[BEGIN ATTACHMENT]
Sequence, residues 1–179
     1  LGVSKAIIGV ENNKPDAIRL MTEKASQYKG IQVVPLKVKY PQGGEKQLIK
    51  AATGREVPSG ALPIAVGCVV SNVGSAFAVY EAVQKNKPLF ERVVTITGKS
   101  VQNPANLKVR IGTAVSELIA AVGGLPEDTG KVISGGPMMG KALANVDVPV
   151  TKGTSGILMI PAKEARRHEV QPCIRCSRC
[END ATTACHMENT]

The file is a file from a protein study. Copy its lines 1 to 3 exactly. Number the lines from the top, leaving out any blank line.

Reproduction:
Sequence, residues 1–179
     1  LGVSKAIIGV ENNKPDAIRL MTEKASQYKG IQVVPLKVKY PQGGEKQLIK
    51  AATGREVPSG ALPIAVGCVV SNVGSAFAVY EAVQKNKPLF ERVVTITGKS